Tuesday, February 27, 2007

Two Teachers

Many years ago when I was in either first or second grade, we had a young teacher joined our school. He was very pleasant and friendly to us, and we all liked to surround his desk during recess just to chat and laugh with him. He would let us touch the paper, pens on his desk without yelling at us, and he always had a smile on his face.

For some unknown reason to me at the time, he was particularly close to me. While other kids got to stand around his desk, I was the one he would pick up and sat upon his lap most of the time. He would ask me questions about my family and parents, and squeeze my calves when it was time for me to get up and go back to my desk. While I was basking in this special attention, I didn’t realize I was also the envy (and resentment) of other kids.

I vaguely remember fragments of conversation between my mother and him. I think my mother relayed part of it to me later. He was from a town far away from ours, and couldn’t go home as often as he liked. I reminded him his kid sister at home, so he took a special liking in me. It was probably his first teaching job, and first time being away from home. He didn’t stay with us too long and soon he left the school.

We had a different, older, and much colder teacher as his replacement. The first day he took over, some of the kids complained to him how I was the favorite kid and how I always got special treatments (although I really don’t remember what they were). I do remember, however, the new teacher looked at me and spoke coldly to me, “It’s not going to be that comfortable for you from now on.” I felt very sad and humiliated while other kids snickered at this comment.

Now that I think back, the first teacher probably left due to the complaints of parents. The thought never crossed my mind because he never did anything inappropriate to me or other kids as far as I could tell. I stopped myself from asking my mother, “Did you have anything to do with the departure of that teacher?” As it turned out, he was the only male figure who showed me some kindness and affection while growing up. For that I am forever grateful; and for that, I don’t want this nice memory tarnished by the tainted eyes of other grown ups. I sincerely hope wherever he is and whatever he's doing, he has all the happiness surround him.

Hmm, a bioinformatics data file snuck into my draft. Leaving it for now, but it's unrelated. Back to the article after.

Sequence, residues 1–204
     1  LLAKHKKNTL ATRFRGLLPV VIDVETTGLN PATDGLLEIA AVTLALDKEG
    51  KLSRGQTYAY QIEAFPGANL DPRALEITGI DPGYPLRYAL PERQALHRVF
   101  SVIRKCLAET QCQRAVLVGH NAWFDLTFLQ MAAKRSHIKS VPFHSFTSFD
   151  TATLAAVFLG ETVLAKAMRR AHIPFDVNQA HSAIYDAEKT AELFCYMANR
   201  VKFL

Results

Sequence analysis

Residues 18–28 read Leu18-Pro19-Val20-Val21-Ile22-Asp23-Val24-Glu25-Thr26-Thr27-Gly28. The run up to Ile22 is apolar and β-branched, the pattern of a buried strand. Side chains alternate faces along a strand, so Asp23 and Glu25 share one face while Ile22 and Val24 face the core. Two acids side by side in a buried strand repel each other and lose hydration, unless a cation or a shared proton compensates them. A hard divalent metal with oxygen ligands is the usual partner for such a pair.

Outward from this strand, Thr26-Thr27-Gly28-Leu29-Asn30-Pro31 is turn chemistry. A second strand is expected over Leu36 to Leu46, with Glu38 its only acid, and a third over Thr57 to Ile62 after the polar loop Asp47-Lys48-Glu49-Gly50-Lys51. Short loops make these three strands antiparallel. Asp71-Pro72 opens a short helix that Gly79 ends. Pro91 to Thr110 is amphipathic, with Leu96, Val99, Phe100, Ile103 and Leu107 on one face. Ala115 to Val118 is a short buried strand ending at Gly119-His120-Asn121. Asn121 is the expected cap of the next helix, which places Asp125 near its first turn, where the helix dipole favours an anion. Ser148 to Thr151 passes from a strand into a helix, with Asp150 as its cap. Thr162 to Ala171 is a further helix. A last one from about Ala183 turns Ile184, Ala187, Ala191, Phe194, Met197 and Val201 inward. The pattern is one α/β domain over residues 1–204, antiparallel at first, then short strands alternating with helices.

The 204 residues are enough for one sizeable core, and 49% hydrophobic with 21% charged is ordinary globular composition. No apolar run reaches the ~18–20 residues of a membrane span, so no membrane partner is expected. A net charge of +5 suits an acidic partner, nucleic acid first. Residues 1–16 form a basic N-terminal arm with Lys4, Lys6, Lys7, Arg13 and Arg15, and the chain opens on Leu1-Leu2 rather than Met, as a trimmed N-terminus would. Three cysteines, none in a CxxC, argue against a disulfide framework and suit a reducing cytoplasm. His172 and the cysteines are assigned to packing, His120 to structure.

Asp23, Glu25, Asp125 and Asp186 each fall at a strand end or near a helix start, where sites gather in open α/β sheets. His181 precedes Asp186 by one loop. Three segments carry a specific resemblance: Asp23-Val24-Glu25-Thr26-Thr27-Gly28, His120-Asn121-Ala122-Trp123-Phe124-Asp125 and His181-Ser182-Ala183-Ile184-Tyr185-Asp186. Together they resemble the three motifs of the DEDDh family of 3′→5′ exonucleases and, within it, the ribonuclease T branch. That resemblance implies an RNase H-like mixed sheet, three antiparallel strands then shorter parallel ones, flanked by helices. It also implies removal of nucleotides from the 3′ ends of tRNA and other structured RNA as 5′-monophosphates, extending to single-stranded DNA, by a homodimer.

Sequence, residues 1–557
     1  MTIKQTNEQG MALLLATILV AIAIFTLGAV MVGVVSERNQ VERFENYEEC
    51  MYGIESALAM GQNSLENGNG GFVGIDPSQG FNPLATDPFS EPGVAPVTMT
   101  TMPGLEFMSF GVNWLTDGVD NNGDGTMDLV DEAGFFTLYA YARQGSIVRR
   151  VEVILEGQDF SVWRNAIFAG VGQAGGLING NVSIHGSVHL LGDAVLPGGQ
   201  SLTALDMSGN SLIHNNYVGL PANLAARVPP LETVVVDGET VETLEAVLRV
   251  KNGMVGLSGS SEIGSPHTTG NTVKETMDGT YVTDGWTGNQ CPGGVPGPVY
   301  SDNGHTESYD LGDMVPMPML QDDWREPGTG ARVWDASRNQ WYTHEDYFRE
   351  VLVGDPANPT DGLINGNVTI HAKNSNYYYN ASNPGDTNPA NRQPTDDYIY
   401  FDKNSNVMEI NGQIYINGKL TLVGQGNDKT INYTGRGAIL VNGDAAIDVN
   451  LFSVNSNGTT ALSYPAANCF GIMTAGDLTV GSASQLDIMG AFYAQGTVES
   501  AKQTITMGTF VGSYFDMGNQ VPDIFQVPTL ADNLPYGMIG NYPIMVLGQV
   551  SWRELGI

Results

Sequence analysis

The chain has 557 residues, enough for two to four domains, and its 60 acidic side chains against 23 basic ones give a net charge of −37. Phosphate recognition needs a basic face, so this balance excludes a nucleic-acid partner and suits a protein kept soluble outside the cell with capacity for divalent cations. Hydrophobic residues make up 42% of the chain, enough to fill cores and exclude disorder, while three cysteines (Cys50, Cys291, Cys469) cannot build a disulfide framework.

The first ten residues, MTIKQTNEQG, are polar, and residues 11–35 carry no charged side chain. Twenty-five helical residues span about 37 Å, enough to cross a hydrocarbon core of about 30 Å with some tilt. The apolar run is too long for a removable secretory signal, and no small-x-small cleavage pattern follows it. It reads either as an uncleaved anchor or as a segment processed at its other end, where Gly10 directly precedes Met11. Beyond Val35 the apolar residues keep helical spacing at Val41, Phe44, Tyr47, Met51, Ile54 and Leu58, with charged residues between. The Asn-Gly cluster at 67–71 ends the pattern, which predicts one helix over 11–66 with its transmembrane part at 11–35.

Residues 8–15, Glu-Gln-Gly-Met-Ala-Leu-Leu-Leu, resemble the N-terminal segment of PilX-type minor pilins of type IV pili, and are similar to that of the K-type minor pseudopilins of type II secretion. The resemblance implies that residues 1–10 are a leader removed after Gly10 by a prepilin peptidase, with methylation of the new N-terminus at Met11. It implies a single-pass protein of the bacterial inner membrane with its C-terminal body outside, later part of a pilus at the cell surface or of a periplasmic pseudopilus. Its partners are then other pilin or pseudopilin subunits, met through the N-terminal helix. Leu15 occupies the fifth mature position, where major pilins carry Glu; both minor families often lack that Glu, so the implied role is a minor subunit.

As for the second teacher, I do have a question for him, “Being an elementary school teach, why would you think it was a good idea to be cruel to a little kid who did nothing to offend you?”

Thursday, February 22, 2007

Not Yet Crazy

Sometimes I get the urge to write a book. The name of the book? How Not to Drive Your Daughter Crazy. My source of inspiration? My mom.

Easy target, you say. Everybody tries to blame his/her problems on the parents. Big deal. Well, it is a big deal because I became self conscious since my daughter once said to me, “That’s just like grandma!” In our household that’s not a compliment, and oh, what a shocker!

One of mom's favorite things to say is, “You should start using face cream. You are not young anymore, and really should pay attention to your skin. You get more wrinkles now that you’re older, you know.” It’s like a direct copy from a “Friends” episode when Monica Gellar’s mom asked her, “What’s with your hair?” and, when she replied, “Nothing,” her mom said, “Hmm…maybe that’s why.”

It’s funnier when it happens to other people.

Being raised by very old fashion parents, I could never talk back or tell them how they hurt my feelings. Never mind that my skin, among a couple of other things about me, is often the envy of my friends (unless they lied to me just to be polite). To be fair though, she does this to everybody, albeit not in those exact words.

Our conversation can go like this –
“Did you have your garage door fixed?”
“Yes, ma.”
“Make sure you don’t stay in the house when they fix it.”
“It’s already fixed.”
“You never know what kind of weirdo they might be. It’s safer for you to stay outside of the house when they are there. Do you hear me?”
“It’s already fixed, ma.”
“You can’t be too careful being a woman…do you hear me?”

Listening skills are not her strong suit, especially when she feels a lecture is in order-- which is most of the time.

So now I look at my daughter’s face (which is a very cute one) and dare not to suggest a scar cream to her. She has some signs of pimples left from her earlier years. I’m afraid even the slightest hint will result in her self doubt or resentment to me. I don’t want to be my mother. I’m trying very hard and don’t know how good or bad of a job I’m doing. I guess one good way is to avoid doing things she did that really bothered me. The difference between my daughter and me is: she can (I hope that’s how she feels) tell me if I said or did anything to hurt her feelings. Like the above example. I was offended at first (I am nothing like my mother! I thought), but then I tried to look at it this way: I strive to be not like my mother, but without a daughter I would probably never know how I am doing.

Although I do hope she will call her mother more often.


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